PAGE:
Saturday, December 2, 2017

Creepy Adults, Cool Children

The Girl Who Lives Down the Lane (1976) - Gessner
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Rynn (Jodie Foster) just turned 13. She seems to be living in a big house in a small seaside New England town alone. She doesn't go to school and lives off of cashing traveller's checks which she keeps in a safety deposit box. She tells any adults who stop by, including her nosy landlady, Mrs. Hallet (Alexis Smith) and her pedophile son, Frank Hallet (Martin Sheen) & the town cop (Mort Shuman) that her poet father is either indisposed or out of town. She is very bright and cultured for her age and she is definitely hiding something.

It gets a little too invasive whenever the mom and son Hallets keep barging in unannounced, for different purposes. Rynn can't disguise the fact that she has been living alone any longer. Things get hairy when Mrs. Hallet goes missing. With the help of a limping amateur magician teen Mario (Scott Jacoby) who also happens to be the cop's nephew, Rynn trudge through the cold world of calculating grownups, finds comfort in being an outsider.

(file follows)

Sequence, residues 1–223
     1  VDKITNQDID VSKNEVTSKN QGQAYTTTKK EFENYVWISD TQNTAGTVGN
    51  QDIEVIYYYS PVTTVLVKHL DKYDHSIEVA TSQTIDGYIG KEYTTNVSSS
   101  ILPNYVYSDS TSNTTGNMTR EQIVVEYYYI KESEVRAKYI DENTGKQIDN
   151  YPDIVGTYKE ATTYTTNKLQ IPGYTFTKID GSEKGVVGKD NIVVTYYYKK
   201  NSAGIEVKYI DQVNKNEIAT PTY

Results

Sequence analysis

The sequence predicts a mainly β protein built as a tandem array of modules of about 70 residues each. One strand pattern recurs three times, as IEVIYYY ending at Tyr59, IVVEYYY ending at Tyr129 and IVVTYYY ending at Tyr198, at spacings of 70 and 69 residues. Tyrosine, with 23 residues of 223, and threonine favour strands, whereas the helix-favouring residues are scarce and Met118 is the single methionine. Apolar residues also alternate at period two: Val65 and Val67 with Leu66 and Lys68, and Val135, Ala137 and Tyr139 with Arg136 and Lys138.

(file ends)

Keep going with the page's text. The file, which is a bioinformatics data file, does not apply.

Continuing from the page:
I do have a soft spot for cold New England movies sometimes - a fireplace, wool blankets, pea coats with hoodies, etc. The film has that comfortable loneliness to it. Taking place mostly in the house and originally conceived as a play, The Girl Who Lives Down the Lane has that teleplay vibe. Young Foster is great as a smart kid who is left all alone in the world and has to fend for herself. It's uncanny that she retains that all knowing smirk and directness since early in her career. Sheen is also great as a menacing pervert who really knows how to get under your skin.

It's a weird little film. I guess one can call it a psychological thriller. There are some 70s childsploitation elements with nudity and stuff but I was surprised how tender the film was. And the payoff at the end is great.